Verizon's $1.4 billion blockbuster buyout of cloud infrastructure darling Terremark last week sent shockwaves through the cloud computing industry, illustrating once and for all that major telecom players are looking to get into cloud computing by any means necessary.
And less than a week later, Time Warner Cable made no bones about its cloud computing plans by scooping up cloud hosting and services company NaviSite for $230 million to bulk up its cloud computing services offerings.
Two mammoth cloud computing acquisitions by traditional service providers in less than a week is a true sign that these providers are taking the cloud seriously and a foreshadowing signal that more cloud consolidation is on the horizon. They also highlight a pivot-point in the cloud computing market where major providers are pressing hard to take top billing in the cloud services game.
"It validates the inevitability of this shift [toward the cloud] and the desires of all players in this ecosystem...to figure out what their role is going to be in this world," said Ryan Nichols, vice president of solutions marketing and strategy for San Mateo, Calif.-based solution provider Appirio. Nichols added that Verizon acquiring Terremark and Time Warner Cable buying NaviSite show that it's important to every type of player -- telcos, systems integrators, solution providers, and more – to investigate the cloud market and that they're "waking up and realizing how different it is."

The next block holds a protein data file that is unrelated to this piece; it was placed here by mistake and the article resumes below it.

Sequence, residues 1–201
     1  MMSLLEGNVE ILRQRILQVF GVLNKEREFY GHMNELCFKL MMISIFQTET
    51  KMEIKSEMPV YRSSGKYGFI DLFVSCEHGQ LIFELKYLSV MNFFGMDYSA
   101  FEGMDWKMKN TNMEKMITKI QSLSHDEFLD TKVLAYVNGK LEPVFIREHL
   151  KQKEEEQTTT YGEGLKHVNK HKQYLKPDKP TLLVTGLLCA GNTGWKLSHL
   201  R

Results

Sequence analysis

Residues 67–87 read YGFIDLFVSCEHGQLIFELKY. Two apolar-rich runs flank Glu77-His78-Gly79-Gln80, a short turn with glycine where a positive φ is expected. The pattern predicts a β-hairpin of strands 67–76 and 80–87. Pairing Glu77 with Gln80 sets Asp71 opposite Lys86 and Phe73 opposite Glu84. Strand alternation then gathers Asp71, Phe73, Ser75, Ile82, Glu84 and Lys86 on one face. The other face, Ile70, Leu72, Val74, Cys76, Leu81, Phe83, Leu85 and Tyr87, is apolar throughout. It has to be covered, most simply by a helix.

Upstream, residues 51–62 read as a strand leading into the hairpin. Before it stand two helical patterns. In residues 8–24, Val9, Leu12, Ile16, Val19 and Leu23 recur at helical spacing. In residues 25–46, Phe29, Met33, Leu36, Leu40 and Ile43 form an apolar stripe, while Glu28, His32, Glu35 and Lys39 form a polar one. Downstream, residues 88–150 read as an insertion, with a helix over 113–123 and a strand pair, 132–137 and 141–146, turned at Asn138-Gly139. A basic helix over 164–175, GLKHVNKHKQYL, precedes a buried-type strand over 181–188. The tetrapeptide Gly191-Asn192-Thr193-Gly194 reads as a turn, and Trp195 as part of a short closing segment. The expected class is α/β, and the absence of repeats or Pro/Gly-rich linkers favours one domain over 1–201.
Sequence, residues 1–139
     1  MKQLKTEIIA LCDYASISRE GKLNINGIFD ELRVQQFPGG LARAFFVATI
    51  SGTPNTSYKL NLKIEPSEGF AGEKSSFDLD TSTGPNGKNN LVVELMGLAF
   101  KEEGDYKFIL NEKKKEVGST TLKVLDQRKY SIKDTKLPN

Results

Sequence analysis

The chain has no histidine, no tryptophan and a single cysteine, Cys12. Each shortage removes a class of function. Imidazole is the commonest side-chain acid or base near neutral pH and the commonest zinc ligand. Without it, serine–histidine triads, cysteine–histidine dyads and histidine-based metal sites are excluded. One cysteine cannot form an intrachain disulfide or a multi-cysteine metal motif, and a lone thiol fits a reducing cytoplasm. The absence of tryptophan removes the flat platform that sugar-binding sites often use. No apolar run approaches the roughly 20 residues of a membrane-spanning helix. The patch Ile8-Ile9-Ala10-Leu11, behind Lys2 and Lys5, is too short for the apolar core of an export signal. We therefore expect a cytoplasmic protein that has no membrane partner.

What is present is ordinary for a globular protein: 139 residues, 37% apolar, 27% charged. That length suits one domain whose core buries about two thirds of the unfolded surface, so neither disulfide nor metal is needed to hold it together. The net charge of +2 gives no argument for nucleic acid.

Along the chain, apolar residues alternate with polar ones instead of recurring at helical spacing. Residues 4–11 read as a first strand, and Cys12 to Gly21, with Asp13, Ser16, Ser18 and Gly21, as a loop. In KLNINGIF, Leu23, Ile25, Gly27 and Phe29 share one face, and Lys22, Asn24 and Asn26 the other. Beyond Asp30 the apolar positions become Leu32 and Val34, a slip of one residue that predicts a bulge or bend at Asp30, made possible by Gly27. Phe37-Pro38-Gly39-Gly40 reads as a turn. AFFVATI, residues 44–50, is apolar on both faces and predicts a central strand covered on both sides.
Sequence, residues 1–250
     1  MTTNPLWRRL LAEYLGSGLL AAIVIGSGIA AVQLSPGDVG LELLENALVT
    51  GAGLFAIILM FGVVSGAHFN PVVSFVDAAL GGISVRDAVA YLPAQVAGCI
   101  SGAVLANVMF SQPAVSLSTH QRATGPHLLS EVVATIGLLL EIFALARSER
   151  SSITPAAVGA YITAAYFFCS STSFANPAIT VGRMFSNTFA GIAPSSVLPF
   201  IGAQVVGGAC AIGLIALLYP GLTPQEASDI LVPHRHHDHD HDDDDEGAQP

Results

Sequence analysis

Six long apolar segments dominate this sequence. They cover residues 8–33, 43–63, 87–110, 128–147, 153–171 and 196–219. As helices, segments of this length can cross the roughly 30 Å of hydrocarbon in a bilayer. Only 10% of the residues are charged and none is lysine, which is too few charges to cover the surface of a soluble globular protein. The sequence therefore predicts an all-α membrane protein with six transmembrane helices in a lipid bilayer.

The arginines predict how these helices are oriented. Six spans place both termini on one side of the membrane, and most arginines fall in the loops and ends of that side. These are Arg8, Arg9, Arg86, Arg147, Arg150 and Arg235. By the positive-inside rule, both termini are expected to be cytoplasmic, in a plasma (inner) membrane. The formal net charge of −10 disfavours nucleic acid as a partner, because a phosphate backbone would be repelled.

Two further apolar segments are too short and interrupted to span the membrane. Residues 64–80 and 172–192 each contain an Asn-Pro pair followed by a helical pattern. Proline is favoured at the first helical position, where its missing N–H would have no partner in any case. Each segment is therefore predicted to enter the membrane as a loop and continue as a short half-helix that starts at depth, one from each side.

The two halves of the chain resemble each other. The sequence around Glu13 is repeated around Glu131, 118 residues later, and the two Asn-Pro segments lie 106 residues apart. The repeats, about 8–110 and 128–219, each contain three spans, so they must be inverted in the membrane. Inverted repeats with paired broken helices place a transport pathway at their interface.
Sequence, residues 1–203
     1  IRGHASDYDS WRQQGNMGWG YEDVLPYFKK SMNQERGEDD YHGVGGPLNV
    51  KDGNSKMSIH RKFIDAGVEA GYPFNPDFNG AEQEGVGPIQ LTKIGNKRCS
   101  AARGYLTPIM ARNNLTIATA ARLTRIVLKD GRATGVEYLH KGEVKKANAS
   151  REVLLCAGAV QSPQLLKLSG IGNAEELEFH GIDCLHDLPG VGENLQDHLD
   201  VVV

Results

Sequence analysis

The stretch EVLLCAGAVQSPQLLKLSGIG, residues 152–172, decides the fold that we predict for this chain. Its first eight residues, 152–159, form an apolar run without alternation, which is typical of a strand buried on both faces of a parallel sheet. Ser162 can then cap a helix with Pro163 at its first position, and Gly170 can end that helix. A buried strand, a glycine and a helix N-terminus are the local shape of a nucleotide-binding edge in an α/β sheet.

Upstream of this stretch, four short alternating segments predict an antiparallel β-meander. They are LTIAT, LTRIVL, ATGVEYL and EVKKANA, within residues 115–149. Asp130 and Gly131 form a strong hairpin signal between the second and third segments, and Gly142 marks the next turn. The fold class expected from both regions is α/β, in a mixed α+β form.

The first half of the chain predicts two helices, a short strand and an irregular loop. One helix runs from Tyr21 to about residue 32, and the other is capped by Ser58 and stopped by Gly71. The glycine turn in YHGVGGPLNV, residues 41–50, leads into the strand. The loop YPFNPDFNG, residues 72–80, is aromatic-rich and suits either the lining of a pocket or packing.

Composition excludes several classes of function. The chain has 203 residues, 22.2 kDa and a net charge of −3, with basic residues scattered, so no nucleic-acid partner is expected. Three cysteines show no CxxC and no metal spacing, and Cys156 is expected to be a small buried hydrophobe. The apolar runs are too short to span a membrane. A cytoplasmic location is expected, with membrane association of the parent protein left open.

And the acquisitions will prompt a new inflection point in the market.
"The Verizon deal really does change the market in a few notable ways," said Reuven Cohen, founder of cloud platform vendor Enomaly and cloud capacity clearinghouse SpotCloud. "In terms of the biggest IT players such as HP and IBM, services have become a critical part of their revenue and earnings. The traditional service providers such as Verizon and AT&T are being forced to compete in both broad customer services -- mobile -- where their economies of scale limit additional competitors but also in areas where the economies of scale have shifted to economies of flexibility and efficiency -- cloud. Meaning, Terremark is able to compete not because they are bigger or have deep pockets, but instead because they are more nimble and more efficient. In a lot of ways Terremark hit to the core of this transformation: big and centralized versus small and efficient."
Verizon's acquisition of Terremark and Time Warner Cable picking up NaviSite is a sign that telcos and cable providers are getting serious about their role in the cloud, said Forrester Research analyst Vanessa Alvarez. It also shows that traditional telcos and providers will shift their focus and become cloud and IT providers in a blending of the "old school and new school."
"Terremark gets cloud, they understand the enterprise, making it a killer combination," Alvarez said. "Verizon needs this to remain competitive."
Next: More Cloud Consolidation To Come; Who's Next?